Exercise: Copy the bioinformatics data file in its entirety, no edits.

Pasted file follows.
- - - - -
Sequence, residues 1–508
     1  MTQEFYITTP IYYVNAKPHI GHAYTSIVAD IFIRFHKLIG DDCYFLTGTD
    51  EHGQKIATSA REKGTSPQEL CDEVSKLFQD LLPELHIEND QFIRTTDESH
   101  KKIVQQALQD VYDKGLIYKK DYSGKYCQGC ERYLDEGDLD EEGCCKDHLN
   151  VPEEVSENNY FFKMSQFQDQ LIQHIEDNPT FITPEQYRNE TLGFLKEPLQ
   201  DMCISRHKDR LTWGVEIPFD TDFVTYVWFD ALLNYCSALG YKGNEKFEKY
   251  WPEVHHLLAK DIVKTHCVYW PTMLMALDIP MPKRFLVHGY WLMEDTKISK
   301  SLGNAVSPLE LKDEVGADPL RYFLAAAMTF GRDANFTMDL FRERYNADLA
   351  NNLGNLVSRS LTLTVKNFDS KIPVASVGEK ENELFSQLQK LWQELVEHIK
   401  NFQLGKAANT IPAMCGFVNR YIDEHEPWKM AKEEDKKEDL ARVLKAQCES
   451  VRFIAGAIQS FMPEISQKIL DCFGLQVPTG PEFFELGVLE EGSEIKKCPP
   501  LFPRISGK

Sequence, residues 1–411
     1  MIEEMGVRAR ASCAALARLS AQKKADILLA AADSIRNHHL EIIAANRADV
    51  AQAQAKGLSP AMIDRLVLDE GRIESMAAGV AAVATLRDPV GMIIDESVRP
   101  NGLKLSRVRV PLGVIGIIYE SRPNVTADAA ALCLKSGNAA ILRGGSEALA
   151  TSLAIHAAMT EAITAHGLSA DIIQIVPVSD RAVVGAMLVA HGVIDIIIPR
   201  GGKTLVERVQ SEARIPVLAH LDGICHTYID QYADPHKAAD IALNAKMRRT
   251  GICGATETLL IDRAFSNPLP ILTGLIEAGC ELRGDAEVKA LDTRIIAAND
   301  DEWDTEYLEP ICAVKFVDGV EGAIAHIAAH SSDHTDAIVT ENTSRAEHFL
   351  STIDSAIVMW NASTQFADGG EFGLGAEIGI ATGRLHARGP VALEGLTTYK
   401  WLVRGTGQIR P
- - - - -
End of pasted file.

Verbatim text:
Sequence, residues 1–508
     1  MTQEFYITTP IYYVNAKPHI GHAYTSIVAD IFIRFHKLIG DDCYFLTGTD
    51  EHGQKIATSA REKGTSPQEL CDEVSKLFQD LLPELHIEND QFIRTTDESH
   101  KKIVQQALQD VYDKGLIYKK DYSGKYCQGC ERYLDEGDLD EEGCCKDHLN
   151  VPEEVSENNY FFKMSQFQDQ LIQHIEDNPT FITPEQYRNE TLGFLKEPLQ
   201  DMCISRHKDR LTWGVEIPFD TDFVTYVWFD ALLNYCSALG YKGNEKFEKY
   251  WPEVHHLLAK DIVKTHCVYW PTMLMALDIP MPKRFLVHGY WLMEDTKISK
   301  SLGNAVSPLE LKDEVGADPL RYFLAAAMTF GRDANFTMDL FRERYNADLA
   351  NNLGNLVSRS LTLTVKNFDS KIPVASVGEK ENELFSQLQK LWQELVEHIK
   401  NFQLGKAANT IPAMCGFVNR YIDEHEPWKM AKEEDKKEDL ARVLKAQCES
   451  VRFIAGAIQS FMPEISQKIL DCFGLQVPTG PEFFELGVLE EGSEIKKCPP
   501  LFPRISGK

Sequence, residues 1–411
     1  MIEEMGVRAR ASCAALARLS AQKKADILLA AADSIRNHHL EIIAANRADV
    51  AQAQAKGLSP AMIDRLVLDE GRIESMAAGV AAVATLRDPV GMIIDESVRP
   101  NGLKLSRVRV PLGVIGIIYE SRPNVTADAA ALCLKSGNAA ILRGGSEALA
   151  TSLAIHAAMT EAITAHGLSA DIIQIVPVSD RAVVGAMLVA HGVIDIIIPR
   201  GGKTLVERVQ SEARIPVLAH LDGICHTYID QYADPHKAAD IALNAKMRRT
   251  GICGATETLL IDRAFSNPLP ILTGLIEAGC ELRGDAEVKA LDTRIIAAND
   301  DEWDTEYLEP ICAVKFVDGV EGAIAHIAAH SSDHTDAIVT ENTSRAEHFL
   351  STIDSAIVMW NASTQFADGG EFGLGAEIGI ATGRLHARGP VALEGLTTYK
   401  WLVRGTGQIR P